- December, 2016: Annual Holiday Celebration
- November, 2016: All In: How Great Leaders Develop a Culture of Belief and Deliver Big Results
- September, 2016: Transform Your Limiting Patterns to Excel in Performance & Teamwork - A 5-Step Process
- July, 2016: The 9th Annual Employment Law Symposium
- June, 2016: Identity Theft and its Effects in the Workplace
- May, 2016: Anatomy of an HR Lawsuit ~ Crazy Cases and What You Learn from Them
- April, 2016: Harnessing the Power of HR Analytics to Drive Impact
- March, 2016: Strategies for Ensuring Impactful Communications
- February, 2016: HR and Ethics - We are in this Together
- January, 2016: Enhancing Your Strategic Impact through Neuroscience
Based on his New York Times best-selling book All In, Chester Elton led a fun and interactive discussion around how leaders can Engage, Enable and Energize (E+E+E) their workforces. This formula of E+E+E outlines how high performing organizations deliver extraordinary results.
• Engage – as measured by discretionary effort
• Enable – by providing people the tools to do their jobs
• Energize – by giving people a sense of purpose and ensure the right people are in the right jobs
Two characteristics of top organizations that are hard to replicate are Good Leadership and the Culture. It’s important to remember that EVERYONE owns making the culture. If the culture is not driven by leadership, the organization will make up its own culture to fill the gap. Two important questions to ask yourself are “Are you ALL IN?” and “Is your team ALL IN?”
The top drivers of engagement are
• Development which is derived from appreciation (best in class ratio of 5:1 – five positive statements for every critical statement)
• Trust which only can exist based on communication
• Pride which is achieved through goal setting and accountability
This is reinforce by the study that showed that millennials (who will make up 75% of the workforce by 2024) find Impact, Learning and Family the most motivating factors while the least motivating factors are Autonomy, Ownership and Money. Through storytelling, Chester brought to life how these powerful methods can have impact. Watch the video West Jet Christmas Miracle video.
The 7 steps today’s most successful managers use to generate a culture that works~
1. Define your burning platform
2. Create customer focus
3. Develop agility
4. Share everything
5. Partner with your talent
6. Root for each other
7. Establish clear accountability
We also invested time in talking about the difference between Praise and Reward. Net-net, you want to Praise effort and Reward results. This has the most impact when the reward is closely tied to the achievement of the results. Praise needs to be specific and sincere.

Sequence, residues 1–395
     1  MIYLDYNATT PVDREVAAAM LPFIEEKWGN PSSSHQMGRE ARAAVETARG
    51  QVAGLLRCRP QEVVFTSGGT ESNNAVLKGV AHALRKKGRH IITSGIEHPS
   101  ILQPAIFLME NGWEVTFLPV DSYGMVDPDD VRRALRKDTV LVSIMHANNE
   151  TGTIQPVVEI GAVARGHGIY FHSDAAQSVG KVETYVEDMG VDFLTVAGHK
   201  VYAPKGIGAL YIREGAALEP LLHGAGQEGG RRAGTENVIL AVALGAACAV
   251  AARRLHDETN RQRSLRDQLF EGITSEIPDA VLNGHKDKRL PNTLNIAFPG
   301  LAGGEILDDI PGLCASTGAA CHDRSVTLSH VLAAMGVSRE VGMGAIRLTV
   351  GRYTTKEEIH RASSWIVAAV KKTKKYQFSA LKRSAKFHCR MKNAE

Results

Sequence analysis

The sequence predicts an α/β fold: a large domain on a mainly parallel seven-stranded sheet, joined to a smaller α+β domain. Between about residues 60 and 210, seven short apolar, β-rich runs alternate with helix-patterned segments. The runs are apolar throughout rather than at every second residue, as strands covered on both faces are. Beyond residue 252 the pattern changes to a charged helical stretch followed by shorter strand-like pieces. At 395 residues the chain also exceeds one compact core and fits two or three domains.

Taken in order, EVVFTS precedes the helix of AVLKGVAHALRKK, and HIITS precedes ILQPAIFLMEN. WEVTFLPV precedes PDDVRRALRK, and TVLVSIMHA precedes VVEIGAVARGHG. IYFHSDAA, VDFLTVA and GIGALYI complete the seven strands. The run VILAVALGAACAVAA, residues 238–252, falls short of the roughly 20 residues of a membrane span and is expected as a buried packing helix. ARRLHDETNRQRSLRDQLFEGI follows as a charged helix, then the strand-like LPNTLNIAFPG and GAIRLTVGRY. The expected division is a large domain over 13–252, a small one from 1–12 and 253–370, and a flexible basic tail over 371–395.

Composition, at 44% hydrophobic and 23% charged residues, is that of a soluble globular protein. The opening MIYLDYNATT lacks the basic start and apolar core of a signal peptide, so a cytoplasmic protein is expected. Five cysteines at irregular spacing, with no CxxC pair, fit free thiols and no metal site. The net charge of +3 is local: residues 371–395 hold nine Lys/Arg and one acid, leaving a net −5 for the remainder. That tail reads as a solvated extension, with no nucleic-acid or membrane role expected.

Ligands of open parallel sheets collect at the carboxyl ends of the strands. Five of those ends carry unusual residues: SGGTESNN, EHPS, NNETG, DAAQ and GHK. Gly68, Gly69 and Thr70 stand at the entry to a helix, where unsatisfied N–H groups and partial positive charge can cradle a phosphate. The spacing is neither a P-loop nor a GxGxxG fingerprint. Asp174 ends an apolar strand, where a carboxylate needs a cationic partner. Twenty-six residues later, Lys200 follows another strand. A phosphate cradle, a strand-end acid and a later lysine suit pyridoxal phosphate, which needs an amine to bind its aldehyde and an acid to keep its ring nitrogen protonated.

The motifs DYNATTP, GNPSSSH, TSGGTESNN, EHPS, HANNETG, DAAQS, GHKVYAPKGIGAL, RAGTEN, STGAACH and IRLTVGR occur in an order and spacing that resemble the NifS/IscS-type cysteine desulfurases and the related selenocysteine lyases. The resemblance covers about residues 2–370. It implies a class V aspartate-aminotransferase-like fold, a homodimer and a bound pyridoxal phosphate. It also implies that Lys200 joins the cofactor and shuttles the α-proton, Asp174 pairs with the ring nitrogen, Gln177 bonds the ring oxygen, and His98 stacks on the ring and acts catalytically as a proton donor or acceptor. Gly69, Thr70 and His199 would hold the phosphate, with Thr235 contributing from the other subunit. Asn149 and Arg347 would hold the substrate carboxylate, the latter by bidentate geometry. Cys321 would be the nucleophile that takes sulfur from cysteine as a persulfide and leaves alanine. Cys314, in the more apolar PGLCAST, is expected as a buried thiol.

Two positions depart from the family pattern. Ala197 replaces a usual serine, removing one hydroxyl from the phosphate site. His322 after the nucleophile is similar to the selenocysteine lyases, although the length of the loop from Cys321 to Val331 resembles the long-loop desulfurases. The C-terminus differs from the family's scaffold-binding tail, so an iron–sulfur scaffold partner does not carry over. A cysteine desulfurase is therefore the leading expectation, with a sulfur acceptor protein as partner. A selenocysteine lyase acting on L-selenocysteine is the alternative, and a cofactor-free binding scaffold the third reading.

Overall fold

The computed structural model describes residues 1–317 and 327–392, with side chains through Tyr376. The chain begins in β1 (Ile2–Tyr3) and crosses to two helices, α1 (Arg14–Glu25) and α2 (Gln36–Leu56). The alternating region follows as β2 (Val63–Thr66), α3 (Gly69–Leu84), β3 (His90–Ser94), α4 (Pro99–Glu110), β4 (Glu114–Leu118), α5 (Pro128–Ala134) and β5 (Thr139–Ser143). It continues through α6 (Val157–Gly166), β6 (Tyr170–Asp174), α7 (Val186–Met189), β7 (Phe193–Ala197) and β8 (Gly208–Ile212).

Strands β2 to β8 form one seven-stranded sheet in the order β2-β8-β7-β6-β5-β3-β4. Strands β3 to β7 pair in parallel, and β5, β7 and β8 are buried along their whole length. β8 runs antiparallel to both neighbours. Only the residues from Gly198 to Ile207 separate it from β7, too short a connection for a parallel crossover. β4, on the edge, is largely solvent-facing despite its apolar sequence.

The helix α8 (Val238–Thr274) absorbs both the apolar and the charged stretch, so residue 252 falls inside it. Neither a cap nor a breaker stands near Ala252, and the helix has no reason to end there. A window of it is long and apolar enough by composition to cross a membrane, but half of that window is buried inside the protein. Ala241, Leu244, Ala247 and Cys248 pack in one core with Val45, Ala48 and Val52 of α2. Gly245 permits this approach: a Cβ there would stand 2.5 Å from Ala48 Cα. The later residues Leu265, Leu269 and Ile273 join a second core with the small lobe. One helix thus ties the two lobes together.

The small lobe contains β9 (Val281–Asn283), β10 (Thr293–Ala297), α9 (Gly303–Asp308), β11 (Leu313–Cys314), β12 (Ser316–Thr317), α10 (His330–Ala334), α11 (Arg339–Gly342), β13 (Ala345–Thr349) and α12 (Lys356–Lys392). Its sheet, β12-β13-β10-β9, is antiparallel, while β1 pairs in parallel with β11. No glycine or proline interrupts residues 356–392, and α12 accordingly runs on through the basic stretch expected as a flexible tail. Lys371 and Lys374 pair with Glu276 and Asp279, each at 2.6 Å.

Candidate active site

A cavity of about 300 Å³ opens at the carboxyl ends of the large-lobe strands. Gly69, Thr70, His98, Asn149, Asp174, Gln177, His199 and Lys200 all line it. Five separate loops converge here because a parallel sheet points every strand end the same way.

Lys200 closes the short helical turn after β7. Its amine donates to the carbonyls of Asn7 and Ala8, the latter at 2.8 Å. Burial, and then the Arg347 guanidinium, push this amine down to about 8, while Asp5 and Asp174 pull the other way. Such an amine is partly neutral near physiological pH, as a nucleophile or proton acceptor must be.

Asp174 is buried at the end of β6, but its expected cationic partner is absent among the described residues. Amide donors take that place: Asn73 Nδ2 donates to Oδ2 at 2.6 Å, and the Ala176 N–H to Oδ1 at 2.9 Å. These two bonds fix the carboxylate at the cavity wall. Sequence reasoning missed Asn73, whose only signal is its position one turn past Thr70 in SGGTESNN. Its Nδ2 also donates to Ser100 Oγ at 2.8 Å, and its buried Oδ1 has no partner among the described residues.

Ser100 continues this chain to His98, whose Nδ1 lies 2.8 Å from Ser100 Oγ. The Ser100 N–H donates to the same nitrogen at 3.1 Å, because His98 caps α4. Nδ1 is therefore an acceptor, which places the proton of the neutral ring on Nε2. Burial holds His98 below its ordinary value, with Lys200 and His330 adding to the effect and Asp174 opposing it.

Finally, Chester invited the audience to participate in the motivator assessment. If you’re interested in taking the motivator assessment text 72000 to “ALL IN”.
Micheline Nader presented the concepts of her book Dolphin’s Dance: Discover Your True Self through a Powerful 5-Step Journey into Conscience Awareness (2015). She talked about the difference between habit and patterns ~
• Habits are conscious and can be changed (e.g. as soon as 21 days)
• Patterns are unconscious, reactive and engrained
• Patterns are visceral and are often triggered by an emotion
• Limiting patterns restricts our growth and development
It was eye opening to learn of the statistics from the National Institute of Health ~
• 16M Americans 18 and older suffer from depressive disorder and 80% of depression is not treated
• 24M Americans are addicted to drugs or alcohol
She went on to share that people are generally resistant to change. Change will quite often happen when the pain of not changing is greater than the pain of the change itself. In her book, the Dolphin’s Dance, laid out a 5 step process to experientially make the change you want to see happen.
1. Discover your Emotions:
a. Your Marker: Incident or trauma early in life
b. Your Sticker: Traumatic emotion that resurges emotion
c. Your Vessel: Part of the body where the sticker resides
2. Awaken your Belief: Beliefs manage us and thoughts determine our actions
a. Your verdict: Negative opinion that sentences yourself
b. Your Strategy: Game plan you make to mask your verdict
c. Your Proof of Identity: First time you successfully used your strategy
3. Name your Pattern: Persistent or recurring behavior
a. Core pattern helps us to achieve our strategy
b. Repressed Pattern is something we hide and we don’t want to see it and we definitely
don’t want others to see it.
4. Cancel our Polarities
a. We live our lives from the standpoint of good or bad
5. Embrace your True Self: Then you see the change you want
She wrapped up the session by sharing that when we become conscious of our patterns we can change our behavior.
Micheline Nader is also the best-selling author of the Dolphin’s Dance: Discover Your True Self through a Powerful 5-Step Journey into Conscience Awareness (2015), a guide to personal transformation through the practice of conscious awareness. Her transformative process helps individuals uncover limiting patterns of behavior, embrace them and achieve a state of long-lasting emotional wellness beyond any trauma.